A quiet revolution has been taking place in London allotments over the last few years. Its not only what is being planted, but who is doing the planting that has seen a dramatic change. The growing interest in all things organic and the blooming of modern health-consciousness have made having your own allotment downright trendy and waiting lists have lengthened accordingly. To have the pleasure of hoeing their own plot of land, residents in the Muswell Hill area now have to wait three to five years, and those in Highgate are even worse off with waits of five to seven years. Some areas have closed their waiting lists entirely. All in all, the London allotment is not what it was. Formerly strictly the province of older men, planting traditional, if unadventurous, staples like cabbage and potatoes, the average allotment now sees large numbers of young women with families digging in asparagus and courgettes. It has become a place to spend time with the kids in the great outdoors, without having to go too far from home. Some enlightened councils like Haringey are about to spend around 100,000 on developing allotment sites, but growing problems of vandalism and burglary also need to be addressed.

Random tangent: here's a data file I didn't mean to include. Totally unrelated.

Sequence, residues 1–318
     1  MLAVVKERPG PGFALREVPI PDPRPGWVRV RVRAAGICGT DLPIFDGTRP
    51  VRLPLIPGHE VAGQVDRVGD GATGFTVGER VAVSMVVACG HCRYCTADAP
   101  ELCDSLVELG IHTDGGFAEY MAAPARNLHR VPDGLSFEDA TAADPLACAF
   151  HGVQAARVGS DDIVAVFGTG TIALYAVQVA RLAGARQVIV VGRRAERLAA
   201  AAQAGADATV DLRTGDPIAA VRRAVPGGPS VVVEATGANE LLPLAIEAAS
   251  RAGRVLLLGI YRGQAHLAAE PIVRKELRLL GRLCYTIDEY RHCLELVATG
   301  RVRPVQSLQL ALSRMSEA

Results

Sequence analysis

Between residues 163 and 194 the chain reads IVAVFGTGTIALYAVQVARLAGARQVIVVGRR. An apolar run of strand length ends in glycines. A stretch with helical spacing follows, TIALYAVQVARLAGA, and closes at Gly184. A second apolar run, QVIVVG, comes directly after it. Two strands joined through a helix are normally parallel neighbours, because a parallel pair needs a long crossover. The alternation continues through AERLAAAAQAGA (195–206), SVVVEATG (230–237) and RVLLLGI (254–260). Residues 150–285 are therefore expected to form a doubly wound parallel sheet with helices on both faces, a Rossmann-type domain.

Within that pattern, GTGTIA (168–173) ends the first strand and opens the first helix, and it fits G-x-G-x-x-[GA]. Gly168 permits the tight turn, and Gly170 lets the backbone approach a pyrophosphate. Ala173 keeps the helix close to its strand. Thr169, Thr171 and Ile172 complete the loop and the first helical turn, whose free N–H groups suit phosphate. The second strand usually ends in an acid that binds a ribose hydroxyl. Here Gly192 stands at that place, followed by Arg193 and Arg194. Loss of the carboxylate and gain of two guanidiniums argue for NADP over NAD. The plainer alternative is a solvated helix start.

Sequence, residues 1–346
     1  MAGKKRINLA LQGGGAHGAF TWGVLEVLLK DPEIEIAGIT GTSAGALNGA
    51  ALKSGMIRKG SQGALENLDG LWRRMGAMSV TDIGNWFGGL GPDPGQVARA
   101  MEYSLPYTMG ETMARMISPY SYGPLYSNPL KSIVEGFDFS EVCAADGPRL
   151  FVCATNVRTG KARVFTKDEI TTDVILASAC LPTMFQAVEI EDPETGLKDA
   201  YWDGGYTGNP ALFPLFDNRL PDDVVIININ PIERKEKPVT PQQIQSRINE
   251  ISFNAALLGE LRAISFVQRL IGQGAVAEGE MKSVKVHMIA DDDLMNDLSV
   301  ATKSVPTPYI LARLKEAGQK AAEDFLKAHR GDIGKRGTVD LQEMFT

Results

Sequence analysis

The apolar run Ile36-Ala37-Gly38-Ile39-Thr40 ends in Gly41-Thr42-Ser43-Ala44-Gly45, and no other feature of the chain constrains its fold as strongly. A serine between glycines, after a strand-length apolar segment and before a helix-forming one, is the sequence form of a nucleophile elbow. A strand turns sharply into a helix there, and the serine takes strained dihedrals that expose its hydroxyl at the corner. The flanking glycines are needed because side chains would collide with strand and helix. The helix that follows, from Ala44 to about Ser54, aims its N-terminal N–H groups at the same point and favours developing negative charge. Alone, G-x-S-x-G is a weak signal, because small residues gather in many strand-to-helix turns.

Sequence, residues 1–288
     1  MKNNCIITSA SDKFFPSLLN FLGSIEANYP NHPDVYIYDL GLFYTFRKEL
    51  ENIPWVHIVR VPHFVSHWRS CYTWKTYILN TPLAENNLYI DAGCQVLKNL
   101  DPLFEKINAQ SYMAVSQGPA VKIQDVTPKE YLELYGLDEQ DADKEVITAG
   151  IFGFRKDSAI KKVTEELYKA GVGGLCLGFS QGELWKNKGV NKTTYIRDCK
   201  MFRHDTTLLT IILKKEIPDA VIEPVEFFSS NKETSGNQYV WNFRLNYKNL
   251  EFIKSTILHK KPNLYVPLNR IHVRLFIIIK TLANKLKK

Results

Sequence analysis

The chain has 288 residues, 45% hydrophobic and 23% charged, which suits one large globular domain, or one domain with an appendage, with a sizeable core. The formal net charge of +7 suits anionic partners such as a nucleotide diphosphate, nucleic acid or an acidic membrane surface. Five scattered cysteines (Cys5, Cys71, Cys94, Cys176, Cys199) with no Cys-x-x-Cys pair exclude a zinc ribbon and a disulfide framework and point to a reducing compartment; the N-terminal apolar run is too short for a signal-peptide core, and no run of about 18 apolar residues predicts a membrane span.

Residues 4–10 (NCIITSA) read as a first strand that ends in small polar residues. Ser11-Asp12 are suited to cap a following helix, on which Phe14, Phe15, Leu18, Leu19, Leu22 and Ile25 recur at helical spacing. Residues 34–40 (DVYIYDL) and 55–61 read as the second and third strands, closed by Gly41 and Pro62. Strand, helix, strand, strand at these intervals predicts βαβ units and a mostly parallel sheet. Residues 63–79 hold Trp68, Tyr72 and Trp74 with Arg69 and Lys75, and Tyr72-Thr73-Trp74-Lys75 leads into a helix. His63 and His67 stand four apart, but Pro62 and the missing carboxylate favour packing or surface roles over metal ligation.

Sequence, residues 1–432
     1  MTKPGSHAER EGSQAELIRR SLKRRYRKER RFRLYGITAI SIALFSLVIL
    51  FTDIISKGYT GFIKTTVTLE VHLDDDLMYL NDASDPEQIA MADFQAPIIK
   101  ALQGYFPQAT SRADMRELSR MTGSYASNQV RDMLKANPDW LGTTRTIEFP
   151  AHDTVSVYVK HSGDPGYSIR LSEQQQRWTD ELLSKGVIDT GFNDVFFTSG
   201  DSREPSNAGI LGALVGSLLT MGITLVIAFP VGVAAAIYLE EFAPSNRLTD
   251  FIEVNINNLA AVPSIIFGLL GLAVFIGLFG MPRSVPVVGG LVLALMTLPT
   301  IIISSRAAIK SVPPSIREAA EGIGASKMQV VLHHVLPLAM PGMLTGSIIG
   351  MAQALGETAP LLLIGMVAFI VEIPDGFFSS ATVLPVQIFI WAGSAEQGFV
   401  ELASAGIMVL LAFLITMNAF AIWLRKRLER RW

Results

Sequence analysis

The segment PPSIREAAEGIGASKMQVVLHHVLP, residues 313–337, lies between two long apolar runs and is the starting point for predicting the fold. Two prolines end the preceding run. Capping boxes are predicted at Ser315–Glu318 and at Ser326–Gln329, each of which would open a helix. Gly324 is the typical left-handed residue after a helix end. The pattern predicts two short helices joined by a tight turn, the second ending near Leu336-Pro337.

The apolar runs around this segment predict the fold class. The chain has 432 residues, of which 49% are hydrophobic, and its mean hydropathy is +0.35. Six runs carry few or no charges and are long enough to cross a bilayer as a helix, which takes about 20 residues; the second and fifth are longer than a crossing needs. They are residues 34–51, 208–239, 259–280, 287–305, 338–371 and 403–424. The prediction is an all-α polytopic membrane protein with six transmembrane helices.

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Appen is seeking resumes of German native speakers with strong background in Linguistics. Task Description: In this task, the linguist will compare 2 browse node titles based on...